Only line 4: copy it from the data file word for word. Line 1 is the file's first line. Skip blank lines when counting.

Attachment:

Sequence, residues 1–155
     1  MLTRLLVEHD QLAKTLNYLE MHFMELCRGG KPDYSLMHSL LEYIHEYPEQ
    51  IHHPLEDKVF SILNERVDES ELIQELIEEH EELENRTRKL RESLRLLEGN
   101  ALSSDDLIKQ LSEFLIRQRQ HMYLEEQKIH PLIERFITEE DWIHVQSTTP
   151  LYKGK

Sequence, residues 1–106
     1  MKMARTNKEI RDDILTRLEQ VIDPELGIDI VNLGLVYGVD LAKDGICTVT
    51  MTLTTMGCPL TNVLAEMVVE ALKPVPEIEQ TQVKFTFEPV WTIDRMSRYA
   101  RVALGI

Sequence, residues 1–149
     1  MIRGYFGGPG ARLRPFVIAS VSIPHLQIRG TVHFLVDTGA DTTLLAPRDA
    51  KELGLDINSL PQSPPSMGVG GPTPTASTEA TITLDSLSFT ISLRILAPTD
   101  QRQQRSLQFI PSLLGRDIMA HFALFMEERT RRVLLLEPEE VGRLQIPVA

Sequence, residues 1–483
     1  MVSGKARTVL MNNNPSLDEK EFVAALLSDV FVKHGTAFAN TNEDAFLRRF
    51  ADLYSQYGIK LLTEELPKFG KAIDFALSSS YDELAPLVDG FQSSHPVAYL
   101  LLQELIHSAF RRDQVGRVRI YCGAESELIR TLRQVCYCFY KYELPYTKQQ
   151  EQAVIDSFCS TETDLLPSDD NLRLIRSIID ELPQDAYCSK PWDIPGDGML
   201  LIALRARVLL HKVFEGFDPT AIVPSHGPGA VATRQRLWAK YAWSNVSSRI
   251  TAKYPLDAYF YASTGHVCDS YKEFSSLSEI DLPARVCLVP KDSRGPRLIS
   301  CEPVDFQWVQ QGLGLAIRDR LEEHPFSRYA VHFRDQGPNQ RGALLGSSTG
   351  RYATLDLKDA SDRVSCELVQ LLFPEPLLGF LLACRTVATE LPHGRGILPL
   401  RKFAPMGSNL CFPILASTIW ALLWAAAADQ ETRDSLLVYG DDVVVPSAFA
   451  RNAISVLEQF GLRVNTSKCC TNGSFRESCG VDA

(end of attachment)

   101  ALSSDDLIKQ LSEFLIRQRQ HMYLEEQKIH PLIERFITEE DWIHVQSTTP